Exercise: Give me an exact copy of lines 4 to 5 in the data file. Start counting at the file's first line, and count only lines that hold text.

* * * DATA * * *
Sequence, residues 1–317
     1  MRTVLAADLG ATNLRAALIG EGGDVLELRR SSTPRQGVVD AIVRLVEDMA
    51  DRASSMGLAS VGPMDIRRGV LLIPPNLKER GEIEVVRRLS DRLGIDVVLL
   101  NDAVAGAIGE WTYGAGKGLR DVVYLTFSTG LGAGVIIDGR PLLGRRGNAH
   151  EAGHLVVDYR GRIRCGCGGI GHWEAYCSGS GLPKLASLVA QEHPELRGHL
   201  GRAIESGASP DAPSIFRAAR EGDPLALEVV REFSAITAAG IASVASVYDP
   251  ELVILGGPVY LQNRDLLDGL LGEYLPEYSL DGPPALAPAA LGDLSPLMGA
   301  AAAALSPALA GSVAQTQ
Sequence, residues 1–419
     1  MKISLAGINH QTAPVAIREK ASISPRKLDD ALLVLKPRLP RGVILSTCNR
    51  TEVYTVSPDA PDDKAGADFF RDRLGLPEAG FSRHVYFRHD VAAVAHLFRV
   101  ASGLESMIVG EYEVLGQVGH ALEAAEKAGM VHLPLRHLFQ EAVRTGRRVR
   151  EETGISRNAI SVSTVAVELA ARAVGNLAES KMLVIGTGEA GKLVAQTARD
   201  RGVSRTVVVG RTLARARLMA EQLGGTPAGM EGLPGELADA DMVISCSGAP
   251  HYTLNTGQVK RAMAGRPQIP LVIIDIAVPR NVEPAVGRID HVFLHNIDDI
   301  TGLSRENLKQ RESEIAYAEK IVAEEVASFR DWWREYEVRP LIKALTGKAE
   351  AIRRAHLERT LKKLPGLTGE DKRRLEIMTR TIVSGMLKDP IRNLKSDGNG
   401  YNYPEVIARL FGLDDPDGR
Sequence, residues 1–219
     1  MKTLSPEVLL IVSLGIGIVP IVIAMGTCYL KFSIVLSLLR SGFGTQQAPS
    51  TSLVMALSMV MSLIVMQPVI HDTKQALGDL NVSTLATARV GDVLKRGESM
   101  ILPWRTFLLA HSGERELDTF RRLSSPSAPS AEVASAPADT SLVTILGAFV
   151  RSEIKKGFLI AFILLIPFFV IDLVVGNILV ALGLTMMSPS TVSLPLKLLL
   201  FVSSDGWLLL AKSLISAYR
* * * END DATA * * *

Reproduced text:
   101  NDAVAGAIGE WTYGAGKGLR DVVYLTFSTG LGAGVIIDGR PLLGRRGNAH
   151  EAGHLVVDYR GRIRCGCGGI GHWEAYCSGS GLPKLASLVA QEHPELRGHL